- Hurvin Anderson
- Road (Western Maine)
- signed, dated 2003 and variously inscribed on the reverse
- oil on canvas
- 162 by 269cm.; 63 3/4 by 105 7/8 in.
Acquired directly from the above by the present owner in 2009
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In 2002 Anderson spent a formative sojourn in Trinidad as part of an artist’s residency programme at Caribbean Contemporary Arts. Everyday life on the island began to inform the subjects of many of the artist’s paintings produced on his return to the UK the following year; the opulent landscape of Western Main firmly belongs to this vivid group of works. Affirming that although: “memory is the trigger. I will start from an idea about a place” (Hurvin Anderson quoted in: Hossein Amirsadeghi, Ed., Sanctuary: Britain’s Artists and their Studios, London 2012, p. 366). Anderson finds further inspiration from photographic sources: “I tried to work in the studio but it was too much, being away and stuck in a studio. So I opted for taking photographs, for seeing what the place was about” (Ibid., p 368). Indeed, Anderson's contemporary at the Royal College of Art, Peter Doig, employs a similar artistic method, combining memory and photography. In both their painterly technique and formal compositional structure, the oeuvres of these two painters are intimately entwined.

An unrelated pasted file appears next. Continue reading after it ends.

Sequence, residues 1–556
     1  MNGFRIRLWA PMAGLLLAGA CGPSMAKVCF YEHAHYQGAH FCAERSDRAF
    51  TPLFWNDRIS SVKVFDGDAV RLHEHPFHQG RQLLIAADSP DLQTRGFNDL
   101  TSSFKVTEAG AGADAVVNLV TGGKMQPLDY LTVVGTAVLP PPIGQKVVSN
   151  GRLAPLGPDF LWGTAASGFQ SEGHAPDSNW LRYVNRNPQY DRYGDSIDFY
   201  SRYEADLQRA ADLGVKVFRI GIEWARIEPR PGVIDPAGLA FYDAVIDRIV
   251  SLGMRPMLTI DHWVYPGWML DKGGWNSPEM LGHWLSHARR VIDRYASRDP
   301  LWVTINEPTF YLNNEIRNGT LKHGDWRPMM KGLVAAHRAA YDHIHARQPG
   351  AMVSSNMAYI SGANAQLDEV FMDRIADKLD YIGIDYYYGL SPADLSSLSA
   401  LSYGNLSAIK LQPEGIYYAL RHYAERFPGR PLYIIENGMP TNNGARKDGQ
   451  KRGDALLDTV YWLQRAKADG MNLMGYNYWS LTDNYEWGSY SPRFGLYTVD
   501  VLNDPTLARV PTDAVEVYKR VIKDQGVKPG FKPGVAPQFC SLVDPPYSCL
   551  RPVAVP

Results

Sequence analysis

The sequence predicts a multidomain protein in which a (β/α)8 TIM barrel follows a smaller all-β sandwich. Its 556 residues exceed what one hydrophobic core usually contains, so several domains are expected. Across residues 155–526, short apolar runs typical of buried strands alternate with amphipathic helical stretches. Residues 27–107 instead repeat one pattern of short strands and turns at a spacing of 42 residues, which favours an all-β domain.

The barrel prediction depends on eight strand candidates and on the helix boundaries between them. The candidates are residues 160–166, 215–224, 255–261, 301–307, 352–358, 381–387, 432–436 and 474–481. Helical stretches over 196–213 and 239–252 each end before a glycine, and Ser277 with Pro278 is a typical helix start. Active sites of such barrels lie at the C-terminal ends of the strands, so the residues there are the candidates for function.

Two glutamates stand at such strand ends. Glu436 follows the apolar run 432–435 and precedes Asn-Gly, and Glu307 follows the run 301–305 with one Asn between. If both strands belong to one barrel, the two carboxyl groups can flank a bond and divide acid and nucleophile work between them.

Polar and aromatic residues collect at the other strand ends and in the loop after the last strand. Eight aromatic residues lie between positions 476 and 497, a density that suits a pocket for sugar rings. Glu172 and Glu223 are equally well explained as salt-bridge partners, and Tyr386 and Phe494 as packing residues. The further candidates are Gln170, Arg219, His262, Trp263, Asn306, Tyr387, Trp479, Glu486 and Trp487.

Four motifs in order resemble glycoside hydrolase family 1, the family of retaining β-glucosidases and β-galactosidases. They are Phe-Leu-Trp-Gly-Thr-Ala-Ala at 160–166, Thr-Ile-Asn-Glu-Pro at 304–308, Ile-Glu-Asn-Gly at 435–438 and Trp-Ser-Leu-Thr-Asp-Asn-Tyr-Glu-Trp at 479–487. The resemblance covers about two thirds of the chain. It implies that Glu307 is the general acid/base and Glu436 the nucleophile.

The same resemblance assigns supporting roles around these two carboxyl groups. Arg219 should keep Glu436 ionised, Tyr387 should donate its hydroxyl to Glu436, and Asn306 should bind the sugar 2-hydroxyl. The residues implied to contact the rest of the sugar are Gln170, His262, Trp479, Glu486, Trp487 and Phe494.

The detached viewpoint of Western Main imbues the work with an overwhelming sensation of dislocation and displacement, offering the viewer an outsider’s perspective. This liberating feeling of separation, both societal and cultural, was cultivated during his stay in Trinidad and is at the very heart of Anderson’s aesthetic. As the artist recalls, “What had the greatest impact on me was how I existed there. I was British one moment, Jamaican the next. If they didn’t know who I was, I could have been Trinidadian. So I existed in all these different places… It was intriguing to not exist anywhere” (Ibid.). Western Main evocatively assumes this position of a detached observer, created through the perusal of layers of different memories and associations. The outcome is a resolutely poignant painting that belies the apparently humble nature of the quotidian scene that is here so lyrically depicted.